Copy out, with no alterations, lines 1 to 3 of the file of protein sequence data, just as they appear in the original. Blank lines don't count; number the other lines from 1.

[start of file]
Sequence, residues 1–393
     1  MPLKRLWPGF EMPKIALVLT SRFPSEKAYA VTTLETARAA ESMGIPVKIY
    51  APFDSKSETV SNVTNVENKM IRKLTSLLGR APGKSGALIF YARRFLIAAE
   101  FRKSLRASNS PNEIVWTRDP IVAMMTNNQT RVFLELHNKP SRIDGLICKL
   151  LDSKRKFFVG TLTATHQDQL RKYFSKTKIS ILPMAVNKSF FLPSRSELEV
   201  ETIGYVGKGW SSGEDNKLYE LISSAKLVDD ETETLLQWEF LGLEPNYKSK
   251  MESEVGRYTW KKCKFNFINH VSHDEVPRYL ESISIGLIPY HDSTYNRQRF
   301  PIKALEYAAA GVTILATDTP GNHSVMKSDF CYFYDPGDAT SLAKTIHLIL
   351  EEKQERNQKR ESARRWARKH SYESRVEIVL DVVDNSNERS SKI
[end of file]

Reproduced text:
Sequence, residues 1–393
     1  MPLKRLWPGF EMPKIALVLT SRFPSEKAYA VTTLETARAA ESMGIPVKIY
    51  APFDSKSETV SNVTNVENKM IRKLTSLLGR APGKSGALIF YARRFLIAAE